It depends a bit on what type of mole and where it is. For brown/black moles, the key things to remember are ABCD. A for Asymmetry — a mole that doesn’t have the same shape on both sides, B for Border — a mole that doesn’t have a clear smooth border with the normal tissue around it, C for Color — a mole that has two or more different shades of brown, blue or black, and D for Diameter — a mole that larger than 6 mm or the eraser of a pencil. For skin color or light moles, if it is changing in size, gets irritated or itchy, forms an ulcer or is painful, I would have my family doctor look at it.

I do not have insurance coverage. Can I still come to your office?
Yes. There are other methods for payment. We accept cash, check and credit cards, or you may visit with our credit advisor to work out a payment plan.

Is there a right way to wash your hands?
A timely question coming into cold and flu season, proper hand washing is one of the best ways to decrease your odds of becoming sick and/or spreading illnesses to other people. But people often don’t wash their hands long enough or take care to keep their hands cleans immediately after washing. Your hands should be washed with warm running water and soap, scrubbing the hands for at least 20 seconds and rinsing well. Leave the water running until after drying your hands, and then you should use the towel to turn the faucet off. Otherwise you recontaminate your hands. How long is 20 seconds? — about the time it takes to sing “Happy Birthday” through twice.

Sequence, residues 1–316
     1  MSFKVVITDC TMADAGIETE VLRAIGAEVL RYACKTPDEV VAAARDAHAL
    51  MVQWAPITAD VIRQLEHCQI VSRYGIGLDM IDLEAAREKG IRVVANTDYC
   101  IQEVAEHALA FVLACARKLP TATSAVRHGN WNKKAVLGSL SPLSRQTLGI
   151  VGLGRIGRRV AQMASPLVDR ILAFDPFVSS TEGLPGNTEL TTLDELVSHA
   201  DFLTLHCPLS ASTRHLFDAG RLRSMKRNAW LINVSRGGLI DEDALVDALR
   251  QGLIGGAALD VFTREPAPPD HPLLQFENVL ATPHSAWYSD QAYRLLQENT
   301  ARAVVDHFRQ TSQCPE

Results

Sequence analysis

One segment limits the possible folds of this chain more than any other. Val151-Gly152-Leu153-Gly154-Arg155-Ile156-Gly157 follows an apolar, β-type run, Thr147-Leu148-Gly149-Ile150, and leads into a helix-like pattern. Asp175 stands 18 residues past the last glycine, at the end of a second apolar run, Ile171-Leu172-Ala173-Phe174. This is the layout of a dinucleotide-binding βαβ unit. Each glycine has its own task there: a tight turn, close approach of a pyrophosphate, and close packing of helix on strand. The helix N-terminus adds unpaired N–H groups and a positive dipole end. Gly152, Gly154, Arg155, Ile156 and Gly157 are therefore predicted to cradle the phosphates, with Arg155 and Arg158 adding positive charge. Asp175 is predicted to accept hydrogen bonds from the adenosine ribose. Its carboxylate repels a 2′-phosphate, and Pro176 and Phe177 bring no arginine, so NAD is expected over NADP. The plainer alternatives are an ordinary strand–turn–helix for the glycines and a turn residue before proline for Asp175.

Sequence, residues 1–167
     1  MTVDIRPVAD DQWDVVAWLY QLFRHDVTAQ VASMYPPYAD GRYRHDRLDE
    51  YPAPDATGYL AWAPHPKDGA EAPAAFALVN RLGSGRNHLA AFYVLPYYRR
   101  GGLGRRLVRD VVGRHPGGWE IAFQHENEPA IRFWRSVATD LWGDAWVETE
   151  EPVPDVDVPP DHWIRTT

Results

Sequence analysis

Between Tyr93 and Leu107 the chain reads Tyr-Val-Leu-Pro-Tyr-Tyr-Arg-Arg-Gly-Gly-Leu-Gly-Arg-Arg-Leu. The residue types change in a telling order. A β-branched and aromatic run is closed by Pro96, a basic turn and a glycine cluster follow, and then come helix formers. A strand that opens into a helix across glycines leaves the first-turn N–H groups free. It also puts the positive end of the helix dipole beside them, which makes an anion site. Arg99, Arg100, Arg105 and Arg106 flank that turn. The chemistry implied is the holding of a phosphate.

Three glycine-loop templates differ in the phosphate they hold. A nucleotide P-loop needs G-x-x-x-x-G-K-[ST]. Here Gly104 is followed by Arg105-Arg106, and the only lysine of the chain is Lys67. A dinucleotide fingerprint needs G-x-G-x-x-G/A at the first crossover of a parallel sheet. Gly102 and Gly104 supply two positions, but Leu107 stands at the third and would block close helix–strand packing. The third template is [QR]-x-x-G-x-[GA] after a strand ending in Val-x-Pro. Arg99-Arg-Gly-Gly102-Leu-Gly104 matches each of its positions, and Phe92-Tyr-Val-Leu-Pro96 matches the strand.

How do I get a copy of my medical records?
You will need to stop at the receptionist desk and fill out a Release of Information form. That form is sent to the Medical Records Department where they will copy your records and forward them to your new healthcare provider. If you do not have a new provider, or would rather hand carry them to your new provider, once the copy is made, we will call you and you can come to the office and pick it up. We do charge a fee to cover copy costs as well as personnel time, and, if requested, you will be given an estimate on the charges prior to the work being done.

Do you take care of newborns?
Yes Family Practice physicians are uniquely trained to cover all facets of the family care- newborn to geriatric care. We also provide vaccinations to all age groups groups including new borns.

 If you still have questions after reading through these, please don't hesitate to contact us.